Whenever a game with as much hype and legacy as Civilization V comes along, it generates a tremendous amount of discussion and debate. Even before the game's release, as snippets and details are discovered, would-be fans are either extolling the virtues of the Greatest Game Ever or decrying the Greatest Travesty of the Gaming World. Some will exclaim that Civilization V is not a Civilization title at all, while others will say it's merely a gussied-up, carbon-copy version of a previous installment. The truth, of course, is always somewhere in between. For me, Civilization V is a very good game, with many elements distilled from previous titles, mixed with a healthy dose of fresh ideas. It's not simply a re-make of an earlier version, and that's not at all what I wanted. It does make some rather major changes to the Civilization brand, and for the most part I found those changes to be solid ones. Through it all, however, Civilization V keeps the same "Civ" feel that draws me in and sucks away countless hours of time.
So what's new this time around? First up are the civilizations themselves. Each civilization boasts two unique units and/or buildings, along with a special ability that sets them apart from the rest of the world. CivV has moved away from the mix-and-match Civ traits we saw in earlier games, meaning the special abilities in CivV truly set a civilization apart. For instance, the Iroquois nation gains the ability to use forests contained within friendly territory as roads, while the Aztecs gain valuable culture points with each enemy defeated. With only one leader available per civilization, these ageless shepherds of the empires are now just a visual extension of the civilization itself, conferring no additional bonuses or abilities.
After choosing their civilization and setting up the parameters of their game world, players are transported to a beautiful, hex-based world map. I won't wander into the minefield argument here about hex-vs.-square, other than to say that I like the new layout. Being a card-carrying boardgame geek, I feel completely at home with the move to a more...table-topish feel for the game. Civilization V also boasts an alternate view which makes the map simple, clean, and very "old school" in presentation. I prefer to play on the more detailed map, but it's nice to have the option for the other.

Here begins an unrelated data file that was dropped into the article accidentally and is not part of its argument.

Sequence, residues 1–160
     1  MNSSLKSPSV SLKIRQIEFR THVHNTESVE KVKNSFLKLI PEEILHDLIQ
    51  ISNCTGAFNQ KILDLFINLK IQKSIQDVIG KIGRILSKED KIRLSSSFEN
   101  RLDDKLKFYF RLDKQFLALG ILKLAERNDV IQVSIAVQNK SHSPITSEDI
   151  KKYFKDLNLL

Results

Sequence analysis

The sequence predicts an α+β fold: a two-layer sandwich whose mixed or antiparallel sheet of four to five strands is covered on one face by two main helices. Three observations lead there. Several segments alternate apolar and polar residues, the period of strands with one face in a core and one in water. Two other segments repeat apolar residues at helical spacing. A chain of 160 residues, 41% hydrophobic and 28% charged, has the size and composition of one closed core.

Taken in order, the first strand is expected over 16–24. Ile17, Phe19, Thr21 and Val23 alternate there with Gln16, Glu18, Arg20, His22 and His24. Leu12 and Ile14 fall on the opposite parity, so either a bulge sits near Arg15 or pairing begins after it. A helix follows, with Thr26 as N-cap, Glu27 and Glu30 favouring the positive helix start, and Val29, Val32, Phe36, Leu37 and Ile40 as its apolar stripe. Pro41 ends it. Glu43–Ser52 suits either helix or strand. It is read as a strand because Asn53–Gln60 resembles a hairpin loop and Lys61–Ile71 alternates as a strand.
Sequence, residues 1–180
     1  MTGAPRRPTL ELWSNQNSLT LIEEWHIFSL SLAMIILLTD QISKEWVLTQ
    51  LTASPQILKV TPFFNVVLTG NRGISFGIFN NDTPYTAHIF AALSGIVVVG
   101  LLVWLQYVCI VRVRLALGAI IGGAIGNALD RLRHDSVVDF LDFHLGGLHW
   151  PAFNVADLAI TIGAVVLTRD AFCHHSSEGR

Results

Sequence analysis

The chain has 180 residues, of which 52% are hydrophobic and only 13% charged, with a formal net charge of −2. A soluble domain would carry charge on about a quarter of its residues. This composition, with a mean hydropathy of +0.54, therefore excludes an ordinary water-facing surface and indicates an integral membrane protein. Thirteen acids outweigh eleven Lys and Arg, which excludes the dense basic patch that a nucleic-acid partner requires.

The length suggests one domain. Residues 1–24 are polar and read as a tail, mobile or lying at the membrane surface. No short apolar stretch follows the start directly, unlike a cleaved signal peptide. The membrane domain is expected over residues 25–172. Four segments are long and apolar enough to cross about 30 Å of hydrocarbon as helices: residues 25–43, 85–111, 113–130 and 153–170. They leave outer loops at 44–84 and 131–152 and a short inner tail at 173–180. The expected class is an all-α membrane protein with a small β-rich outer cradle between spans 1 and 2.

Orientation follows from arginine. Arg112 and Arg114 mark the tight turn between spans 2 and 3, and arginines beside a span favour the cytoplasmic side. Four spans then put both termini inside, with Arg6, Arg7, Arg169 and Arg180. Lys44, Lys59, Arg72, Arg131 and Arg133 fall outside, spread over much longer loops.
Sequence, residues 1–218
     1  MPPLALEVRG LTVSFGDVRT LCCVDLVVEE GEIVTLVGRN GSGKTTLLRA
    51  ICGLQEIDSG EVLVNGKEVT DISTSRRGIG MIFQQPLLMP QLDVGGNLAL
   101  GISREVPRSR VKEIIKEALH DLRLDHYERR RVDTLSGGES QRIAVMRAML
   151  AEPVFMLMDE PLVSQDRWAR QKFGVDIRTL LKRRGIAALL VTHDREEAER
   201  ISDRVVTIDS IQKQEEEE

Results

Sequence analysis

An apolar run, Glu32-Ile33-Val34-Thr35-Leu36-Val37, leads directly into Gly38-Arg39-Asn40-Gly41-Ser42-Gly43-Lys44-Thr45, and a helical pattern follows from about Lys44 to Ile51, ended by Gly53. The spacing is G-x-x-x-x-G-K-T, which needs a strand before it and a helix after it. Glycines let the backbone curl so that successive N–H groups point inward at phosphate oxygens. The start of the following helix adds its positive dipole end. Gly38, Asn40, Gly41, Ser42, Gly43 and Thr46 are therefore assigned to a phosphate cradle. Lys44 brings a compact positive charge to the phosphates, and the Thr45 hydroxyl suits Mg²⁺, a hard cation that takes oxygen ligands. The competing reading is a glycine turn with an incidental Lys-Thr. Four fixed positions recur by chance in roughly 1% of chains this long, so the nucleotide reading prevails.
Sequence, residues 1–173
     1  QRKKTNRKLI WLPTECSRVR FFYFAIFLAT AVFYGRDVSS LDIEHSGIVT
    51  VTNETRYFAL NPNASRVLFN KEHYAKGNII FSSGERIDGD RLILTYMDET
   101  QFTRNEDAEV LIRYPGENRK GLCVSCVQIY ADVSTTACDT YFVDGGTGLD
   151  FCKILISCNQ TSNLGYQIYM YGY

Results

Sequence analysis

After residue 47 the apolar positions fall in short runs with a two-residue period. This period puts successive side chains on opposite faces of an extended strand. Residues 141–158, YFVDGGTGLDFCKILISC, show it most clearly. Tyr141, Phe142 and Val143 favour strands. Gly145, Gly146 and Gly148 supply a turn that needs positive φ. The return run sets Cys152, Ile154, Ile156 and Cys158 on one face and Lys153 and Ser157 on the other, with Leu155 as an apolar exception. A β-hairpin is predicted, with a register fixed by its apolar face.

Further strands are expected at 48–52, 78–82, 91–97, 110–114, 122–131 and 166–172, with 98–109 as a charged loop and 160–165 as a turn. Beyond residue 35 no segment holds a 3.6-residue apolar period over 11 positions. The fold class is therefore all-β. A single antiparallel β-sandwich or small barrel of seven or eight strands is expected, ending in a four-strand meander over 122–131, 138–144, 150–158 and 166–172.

As always, Civilization V is a game of cities. Once a city is planted, it begins "working" the ring of hexes surrounding it. For each level of population in a city, a citizen can be assigned to gather resources from a single hex. Terrain type and special resources dictate how much food, production, and money can be accrued, and each of these are vital to empire expansion. Food determines how quickly a city will grow, production how quickly the city can construct buildings and train units, and money takes care of just about everything else. Through certain buildings, cities also generate Culture to help them expand. In addition to adding to the civilization's global Culture pool, city-specific culture points allow cities to "buy" additional hexes into their area of influence and control. Should this expansion not be quick enough, players also have the option of spending money to purchase additional hex control.
Speaking of Culture, this value is treated a bit differently in Civ V. Culture points, useful in expanding city influence, also take players down a social technology tree filled with Social Policies. These policies are a set of ten mini-trees, each of which can focus the civilization into a particular style of play. Some are better for war-mongering empires, while others will give a large boost to technology or additional culture. Each step in each tree confers a new bonus, and researching heavily down the Social Policy path is a new victory condition. If players completely research five of the social policies, they gain the ability to research the Utopia Project, culminating in a game-win.
Of course, players still have the tried-and-true technology path toward a space-race victory. The tech tree is the heart of progress in Civilization V, as always. A bit smaller than in previous Civ titles (at least for now), CivV's tech tree nonetheless offers plenty of difficult choices on the path to victory. Other than offering the player the most powerful units, Wonders, and buildings, the technology path also allows players the ability to construct the Alpha Centauri starship and send it on its way for victory.Of course, a player's civilization doesn't exist by itself in the world. In addition to other civilizations, Civilization V introduces City-States. These minor civilizations cannot achieve victory by themselves, but they can offer some impressive rewards to those civilizations that win their favor. This can be accomplished by gifting money, completing requests for aid or exploration, or even eliminating rival City-States. Each City-State maintains a favor rating for the civilization, and at its highest level a City-State will create an alliance, gifting the civilization with resources and units. Of course, more aggressive players can simply wipe out those pesky upstarts and take the cities for their own.